Junior Ransomware Removal Guide

Do you know what Junior Ransomware is?

Junior Ransomware is a threat that you need to defend your Windows operating system against. If it slithers in, your personal files will be doomed because this malware can encrypt them. The process of encryption ensures that the data of the affected file is changed so that it could be read only when a decryptor is applied. Unfortunately, you cannot just download this decryptor, and you are unlikely to pry it out of the hands of cyber criminals. Even though they promise to give it in exchange for some money, they cannot be trusted. Most likely, if you paid the ransom, your files would not be decrypted anyway. This is why we suggest focusing on deleting Junior Ransomware instead of paying the ransom.

You might know where the launcher of Junior Ransomware is if you let this threat in by opening a corrupted spam email attachment or downloading unfamiliar software and files. However, if this threat was dropped by a different infection silently, or if cyber criminals exploited an existing vulnerability to execute it, it might be impossible for you to locate the threat. This could make the removal more difficult overall. All in all, you are unlikely to overlook the existence of this malware because once it encrypts your personal files, they become unreadable, and you can find the “[id-{unique ID}].[mr.yoba@aol.com].junior” extension added to their names. Even if you delete this added extension, your files will remain unreadable. Next to the encrypted files, you should find the “%= RETURN FILES =&.html” file. We recommend removing it right away, but it is not dangerous to open it either.Junior Ransomware Removal GuideJunior Ransomware screenshot
Scroll down for full removal instructions

The “%= RETURN FILES =&.html” file represents the Junior Ransomware ransom note. This is the message that the attackers created to convince you that you need to pay money to get your files decrypted. The message states that “software for decrypt” is necessary and that you can pay for it in Bitcoin, which is a virtual crypto-currency. You cannot pay the ransom right away due to lack of information, but you are provided with an email address, and, allegedly, you can get more information by sending a message to it. This email address is mr.yoba@aol.com. Junior Ransomware is a variant of Paradise Ransomware, and this infection operates in the exact same manner. Unfortunately, even if you contact the attackers and pay the ransom, there are no guarantees that you would get your files decrypted. In fact, it is unlikely to happen. So, if you want to save your money, go ahead and remove the malicious infection without any hesitation.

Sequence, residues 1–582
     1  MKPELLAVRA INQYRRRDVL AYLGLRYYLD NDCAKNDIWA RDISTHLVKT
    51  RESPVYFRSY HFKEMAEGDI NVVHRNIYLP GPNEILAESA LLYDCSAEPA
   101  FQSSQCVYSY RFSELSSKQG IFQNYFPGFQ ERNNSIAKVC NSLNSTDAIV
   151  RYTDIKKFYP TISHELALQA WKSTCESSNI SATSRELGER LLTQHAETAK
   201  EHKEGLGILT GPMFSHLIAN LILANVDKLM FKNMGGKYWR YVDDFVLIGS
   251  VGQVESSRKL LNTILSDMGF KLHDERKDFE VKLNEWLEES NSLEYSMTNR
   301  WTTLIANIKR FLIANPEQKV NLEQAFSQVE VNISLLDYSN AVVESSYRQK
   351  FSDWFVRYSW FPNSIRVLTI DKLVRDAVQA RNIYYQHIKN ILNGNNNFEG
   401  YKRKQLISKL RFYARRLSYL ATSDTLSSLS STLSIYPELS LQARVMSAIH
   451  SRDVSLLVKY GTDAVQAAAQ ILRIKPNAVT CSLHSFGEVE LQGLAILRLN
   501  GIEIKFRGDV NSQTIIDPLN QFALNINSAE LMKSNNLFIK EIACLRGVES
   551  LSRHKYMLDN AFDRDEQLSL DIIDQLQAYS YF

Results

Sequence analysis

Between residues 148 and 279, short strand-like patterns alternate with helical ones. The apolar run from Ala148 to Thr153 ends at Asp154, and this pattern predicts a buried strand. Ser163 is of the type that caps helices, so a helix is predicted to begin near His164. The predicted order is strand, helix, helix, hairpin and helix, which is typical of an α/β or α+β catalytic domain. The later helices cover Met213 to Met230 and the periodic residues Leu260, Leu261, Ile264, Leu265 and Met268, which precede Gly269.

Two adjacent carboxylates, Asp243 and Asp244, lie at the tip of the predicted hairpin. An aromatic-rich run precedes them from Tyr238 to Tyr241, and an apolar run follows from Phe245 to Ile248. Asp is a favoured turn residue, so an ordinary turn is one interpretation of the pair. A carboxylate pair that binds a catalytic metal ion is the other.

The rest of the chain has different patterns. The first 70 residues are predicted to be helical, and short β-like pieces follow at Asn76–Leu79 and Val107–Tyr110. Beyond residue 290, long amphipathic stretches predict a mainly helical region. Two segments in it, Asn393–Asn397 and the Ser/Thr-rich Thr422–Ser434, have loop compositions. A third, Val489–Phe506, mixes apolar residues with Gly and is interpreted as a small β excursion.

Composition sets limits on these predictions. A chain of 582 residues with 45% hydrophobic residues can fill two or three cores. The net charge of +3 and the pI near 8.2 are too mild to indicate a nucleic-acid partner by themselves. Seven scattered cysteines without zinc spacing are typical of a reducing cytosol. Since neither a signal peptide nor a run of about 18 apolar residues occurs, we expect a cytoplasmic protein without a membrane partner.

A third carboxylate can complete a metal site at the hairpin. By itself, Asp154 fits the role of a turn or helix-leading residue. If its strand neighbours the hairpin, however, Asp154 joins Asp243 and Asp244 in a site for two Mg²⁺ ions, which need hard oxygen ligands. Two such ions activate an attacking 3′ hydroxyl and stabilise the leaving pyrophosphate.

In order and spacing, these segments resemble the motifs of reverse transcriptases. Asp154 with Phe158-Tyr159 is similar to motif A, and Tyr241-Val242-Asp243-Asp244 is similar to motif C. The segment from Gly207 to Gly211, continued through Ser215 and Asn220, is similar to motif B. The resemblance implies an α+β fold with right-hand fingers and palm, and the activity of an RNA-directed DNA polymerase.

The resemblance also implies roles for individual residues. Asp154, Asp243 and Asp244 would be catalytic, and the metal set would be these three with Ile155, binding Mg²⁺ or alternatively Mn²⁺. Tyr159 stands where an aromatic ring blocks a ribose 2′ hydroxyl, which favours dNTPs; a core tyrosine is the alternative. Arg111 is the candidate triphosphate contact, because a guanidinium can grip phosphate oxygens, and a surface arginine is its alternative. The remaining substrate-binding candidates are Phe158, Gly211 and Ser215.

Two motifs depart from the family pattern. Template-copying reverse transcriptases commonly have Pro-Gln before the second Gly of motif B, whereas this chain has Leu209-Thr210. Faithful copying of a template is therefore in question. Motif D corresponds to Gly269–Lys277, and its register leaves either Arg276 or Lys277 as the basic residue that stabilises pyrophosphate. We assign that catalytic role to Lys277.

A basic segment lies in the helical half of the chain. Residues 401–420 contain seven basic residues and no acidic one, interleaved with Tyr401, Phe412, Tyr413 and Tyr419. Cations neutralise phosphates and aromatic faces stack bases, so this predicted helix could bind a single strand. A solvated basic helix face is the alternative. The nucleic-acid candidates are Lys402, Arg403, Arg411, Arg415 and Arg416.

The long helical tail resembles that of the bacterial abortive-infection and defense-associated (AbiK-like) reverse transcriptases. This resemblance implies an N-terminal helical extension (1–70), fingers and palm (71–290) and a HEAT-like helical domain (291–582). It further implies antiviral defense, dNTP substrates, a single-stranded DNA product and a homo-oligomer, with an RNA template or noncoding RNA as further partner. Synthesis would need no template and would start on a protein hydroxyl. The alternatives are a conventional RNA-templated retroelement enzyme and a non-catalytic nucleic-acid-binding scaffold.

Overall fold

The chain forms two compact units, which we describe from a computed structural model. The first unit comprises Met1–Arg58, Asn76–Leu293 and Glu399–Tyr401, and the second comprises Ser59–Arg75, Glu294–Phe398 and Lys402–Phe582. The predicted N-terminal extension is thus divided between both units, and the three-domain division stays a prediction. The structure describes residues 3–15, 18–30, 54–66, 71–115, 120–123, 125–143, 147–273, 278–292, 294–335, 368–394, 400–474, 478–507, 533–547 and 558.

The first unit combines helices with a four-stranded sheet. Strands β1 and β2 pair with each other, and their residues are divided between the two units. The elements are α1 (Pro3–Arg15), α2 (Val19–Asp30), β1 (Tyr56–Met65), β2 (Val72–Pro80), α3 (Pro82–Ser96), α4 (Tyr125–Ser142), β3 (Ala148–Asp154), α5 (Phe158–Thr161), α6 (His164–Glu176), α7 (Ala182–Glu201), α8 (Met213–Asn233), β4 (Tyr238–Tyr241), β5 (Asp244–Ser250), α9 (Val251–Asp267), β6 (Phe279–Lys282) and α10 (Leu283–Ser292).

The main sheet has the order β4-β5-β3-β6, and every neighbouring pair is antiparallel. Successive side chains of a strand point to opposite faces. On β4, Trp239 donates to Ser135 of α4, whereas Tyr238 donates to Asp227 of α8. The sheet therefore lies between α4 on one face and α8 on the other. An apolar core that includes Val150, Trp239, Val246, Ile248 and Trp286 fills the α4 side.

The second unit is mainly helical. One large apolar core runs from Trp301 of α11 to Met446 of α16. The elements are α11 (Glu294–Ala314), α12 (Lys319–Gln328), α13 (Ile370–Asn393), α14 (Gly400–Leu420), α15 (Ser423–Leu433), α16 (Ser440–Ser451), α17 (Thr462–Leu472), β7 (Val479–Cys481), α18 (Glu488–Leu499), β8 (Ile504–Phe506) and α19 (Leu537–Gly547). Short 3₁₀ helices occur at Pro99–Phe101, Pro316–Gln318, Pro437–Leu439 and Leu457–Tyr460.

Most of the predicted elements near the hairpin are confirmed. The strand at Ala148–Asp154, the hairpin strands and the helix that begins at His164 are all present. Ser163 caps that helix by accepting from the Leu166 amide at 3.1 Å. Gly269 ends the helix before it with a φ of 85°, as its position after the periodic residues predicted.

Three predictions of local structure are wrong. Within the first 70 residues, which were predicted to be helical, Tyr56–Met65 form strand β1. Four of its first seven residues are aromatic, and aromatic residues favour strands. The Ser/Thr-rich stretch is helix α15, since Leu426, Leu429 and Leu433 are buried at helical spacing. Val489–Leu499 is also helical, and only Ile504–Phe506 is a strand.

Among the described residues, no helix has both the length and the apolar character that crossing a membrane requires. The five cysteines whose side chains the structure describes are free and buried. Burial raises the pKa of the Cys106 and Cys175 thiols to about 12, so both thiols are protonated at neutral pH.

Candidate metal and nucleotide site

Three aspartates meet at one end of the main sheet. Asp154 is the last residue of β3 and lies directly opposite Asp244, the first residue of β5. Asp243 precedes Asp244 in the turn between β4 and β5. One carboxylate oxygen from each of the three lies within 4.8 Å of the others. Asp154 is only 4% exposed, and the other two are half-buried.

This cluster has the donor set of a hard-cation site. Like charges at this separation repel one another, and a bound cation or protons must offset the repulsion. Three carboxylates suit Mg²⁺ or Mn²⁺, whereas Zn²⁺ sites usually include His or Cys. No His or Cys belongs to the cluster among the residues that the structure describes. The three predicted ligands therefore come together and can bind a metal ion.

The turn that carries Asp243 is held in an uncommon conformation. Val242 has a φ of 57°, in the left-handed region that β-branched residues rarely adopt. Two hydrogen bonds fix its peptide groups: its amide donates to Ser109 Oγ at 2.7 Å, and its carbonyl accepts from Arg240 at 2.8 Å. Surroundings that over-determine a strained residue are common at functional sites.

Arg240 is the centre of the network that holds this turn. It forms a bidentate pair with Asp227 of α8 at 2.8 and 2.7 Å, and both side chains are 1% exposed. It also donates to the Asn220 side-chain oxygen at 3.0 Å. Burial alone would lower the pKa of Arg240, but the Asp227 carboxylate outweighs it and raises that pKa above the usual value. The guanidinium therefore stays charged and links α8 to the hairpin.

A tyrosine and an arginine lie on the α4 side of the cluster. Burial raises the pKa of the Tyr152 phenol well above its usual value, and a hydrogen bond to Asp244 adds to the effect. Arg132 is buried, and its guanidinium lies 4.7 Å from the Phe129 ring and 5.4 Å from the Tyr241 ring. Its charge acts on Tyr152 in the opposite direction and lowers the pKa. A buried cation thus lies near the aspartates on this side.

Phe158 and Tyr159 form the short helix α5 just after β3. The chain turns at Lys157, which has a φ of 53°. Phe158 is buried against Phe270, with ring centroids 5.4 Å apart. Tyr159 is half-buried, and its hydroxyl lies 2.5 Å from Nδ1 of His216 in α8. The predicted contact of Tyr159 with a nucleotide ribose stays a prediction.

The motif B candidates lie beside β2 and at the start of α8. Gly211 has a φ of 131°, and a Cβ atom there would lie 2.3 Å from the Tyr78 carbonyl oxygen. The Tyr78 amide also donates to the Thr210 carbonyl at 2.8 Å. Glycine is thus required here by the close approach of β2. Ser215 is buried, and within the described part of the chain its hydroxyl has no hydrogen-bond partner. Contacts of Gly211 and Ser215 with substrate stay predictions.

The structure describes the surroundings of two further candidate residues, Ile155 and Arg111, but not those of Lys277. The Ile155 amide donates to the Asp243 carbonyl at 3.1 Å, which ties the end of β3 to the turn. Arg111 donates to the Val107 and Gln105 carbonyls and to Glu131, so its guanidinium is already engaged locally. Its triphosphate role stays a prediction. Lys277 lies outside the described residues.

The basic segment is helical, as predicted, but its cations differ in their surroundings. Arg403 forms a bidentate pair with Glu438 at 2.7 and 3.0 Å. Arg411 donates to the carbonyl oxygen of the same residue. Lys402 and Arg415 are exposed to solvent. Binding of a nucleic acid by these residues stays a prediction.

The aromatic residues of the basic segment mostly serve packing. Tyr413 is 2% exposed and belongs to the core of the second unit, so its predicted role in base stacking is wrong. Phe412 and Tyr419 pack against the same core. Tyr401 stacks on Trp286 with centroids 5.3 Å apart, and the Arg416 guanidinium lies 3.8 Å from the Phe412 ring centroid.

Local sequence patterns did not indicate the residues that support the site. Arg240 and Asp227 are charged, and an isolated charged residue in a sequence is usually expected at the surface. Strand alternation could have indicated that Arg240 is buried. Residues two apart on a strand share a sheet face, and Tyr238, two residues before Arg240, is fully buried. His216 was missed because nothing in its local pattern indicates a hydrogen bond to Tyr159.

Since we cannot know for sure where the launcher of Junior Ransomware is, you will have to find this malicious file on your own. That is, if you decide to delete this malicious threat manually. Luckily, that is not the only option you have got, and our team recommends going with the automatic removal option instead. For that, you need a reliable anti-malware program, and once it is installed, your chances of letting in new malicious infections will decrease significantly. Unfortunately, we cannot guarantee that you will evade 100% of all infections, which is why you need to be cautious too. First and foremost, backup your personal files outside the computer to ensure that you always have replacements. Second, be mindful about how you download and interact with content online. Remember that cyber crooks have many tricks up their sleeves.

Delete Junior Ransomware from Windows

  1. Find the [random name].exe file that launched the threat.
  2. Right-click and Delete the file.
  3. Right-click and Delete the file named %= RETURN FILES =&.html (delete every copy!).
  4. Empty Recycle Bin and then quickly run a full system scan using a reliable malware scanner tool.

In non-techie terms:

The name of Junior Ransomware does not reflect the reality. This infection is not some inferior or unfinished threat. Instead, it is fully established, and if it invades your operating system successfully, it might be able to encrypt your personal files. Once they are encrypted – which means that the data is changed and becomes unreadable – the attackers behind the ransomware create and open a message that asks to pay a ransom in return for decryption software. To get more information, you need to email the attackers first. We do not recommend doing any of this because you do not want to expose yourself to attackers and waste money. While we cannot guarantee that you would not get the decryptor by paying the ransom, that is what is most likely to happen. Hopefully, you have backups that can replace the corrupted files, but make the replacement only after you remove Junior Ransomware, which is easiest to do with the help of legitimate and reliable anti-malware software.